Main Article Content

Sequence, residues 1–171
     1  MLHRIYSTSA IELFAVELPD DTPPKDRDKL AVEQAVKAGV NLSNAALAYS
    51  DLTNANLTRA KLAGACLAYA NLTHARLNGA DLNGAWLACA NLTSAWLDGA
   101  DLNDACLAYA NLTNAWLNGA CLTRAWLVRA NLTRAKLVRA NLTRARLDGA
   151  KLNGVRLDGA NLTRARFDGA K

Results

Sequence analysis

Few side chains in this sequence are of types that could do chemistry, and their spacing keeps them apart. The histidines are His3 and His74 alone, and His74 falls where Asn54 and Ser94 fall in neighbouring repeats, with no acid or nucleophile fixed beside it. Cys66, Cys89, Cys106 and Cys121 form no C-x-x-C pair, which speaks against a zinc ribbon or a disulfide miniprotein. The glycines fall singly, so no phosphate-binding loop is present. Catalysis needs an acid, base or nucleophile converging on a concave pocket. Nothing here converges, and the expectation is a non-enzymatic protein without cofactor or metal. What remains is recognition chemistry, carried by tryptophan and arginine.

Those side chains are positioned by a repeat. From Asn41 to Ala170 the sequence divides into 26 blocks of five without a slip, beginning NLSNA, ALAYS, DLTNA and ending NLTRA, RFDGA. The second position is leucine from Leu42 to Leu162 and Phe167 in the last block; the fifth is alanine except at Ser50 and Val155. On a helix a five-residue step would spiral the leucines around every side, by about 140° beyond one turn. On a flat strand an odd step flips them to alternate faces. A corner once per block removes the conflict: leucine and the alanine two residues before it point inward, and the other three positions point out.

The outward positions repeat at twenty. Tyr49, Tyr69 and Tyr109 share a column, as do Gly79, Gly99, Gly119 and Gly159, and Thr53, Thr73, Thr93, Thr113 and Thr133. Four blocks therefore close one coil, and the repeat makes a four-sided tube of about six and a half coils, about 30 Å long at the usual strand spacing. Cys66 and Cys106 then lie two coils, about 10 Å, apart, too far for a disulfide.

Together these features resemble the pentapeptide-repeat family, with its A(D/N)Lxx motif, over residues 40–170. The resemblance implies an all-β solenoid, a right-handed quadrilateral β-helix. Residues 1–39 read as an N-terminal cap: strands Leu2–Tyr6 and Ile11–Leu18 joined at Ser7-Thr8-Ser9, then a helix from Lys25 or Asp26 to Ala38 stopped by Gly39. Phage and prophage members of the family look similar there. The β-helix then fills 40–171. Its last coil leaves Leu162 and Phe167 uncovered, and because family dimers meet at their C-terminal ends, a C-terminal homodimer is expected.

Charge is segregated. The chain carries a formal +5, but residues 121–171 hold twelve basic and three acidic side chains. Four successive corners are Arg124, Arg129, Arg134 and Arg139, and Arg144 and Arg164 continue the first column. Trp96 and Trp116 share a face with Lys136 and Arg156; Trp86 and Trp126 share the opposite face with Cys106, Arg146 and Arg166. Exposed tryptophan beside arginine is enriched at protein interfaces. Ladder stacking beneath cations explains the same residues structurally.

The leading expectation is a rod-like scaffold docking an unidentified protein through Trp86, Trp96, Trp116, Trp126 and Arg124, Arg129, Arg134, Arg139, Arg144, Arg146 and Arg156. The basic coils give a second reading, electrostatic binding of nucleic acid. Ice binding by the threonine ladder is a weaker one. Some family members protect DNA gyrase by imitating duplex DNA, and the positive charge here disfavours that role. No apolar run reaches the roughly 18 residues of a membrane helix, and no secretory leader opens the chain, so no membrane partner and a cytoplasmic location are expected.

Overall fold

Stability assessment of rock slopes in hydropower engineering regions is an important and complex issue. Rock mass classification systems are a good approach because they thoroughly consider many factors influencing rock slope stability. The slope stability probability classification (SSPC) system is a novel method. However, it has two obvious limitations when applied to rock slopes: 1) it is only suitable for slopes less than 45 m in height, and 2) there is great subjectivity and randomness in the estimation of intact rock strength. Therefore, this study presents two modifications of the SSPC system by adopting the Hoek–Brown strength criterion and an empirical formula for maximum slope height. Evaluation of results from of 34 typical rock slopes of the major hydropower engineering regions in China indicated that the accuracy rate of the modified SSPC for stability evaluation of these slopes was 61.8%, and the accuracy for stability evaluation of 10 slopes with non-structural control failure was 80%. The stability values of stable and unstable slopes obtained using the modified SSPC were different to those obtained using the Chinese Slope Mass Rating (CSMR) and modified CSMR systems. In addition, the identification accuracy rate of the modified SSPC was significantly higher than that of the CSMR and modified CSMR. Therefore, the modified SSPC can be applied to hydropower engineering regions, providing a new means of rapidly evaluating the slope stability of high rock slopes (slopes > 45 m in height) in these regions.
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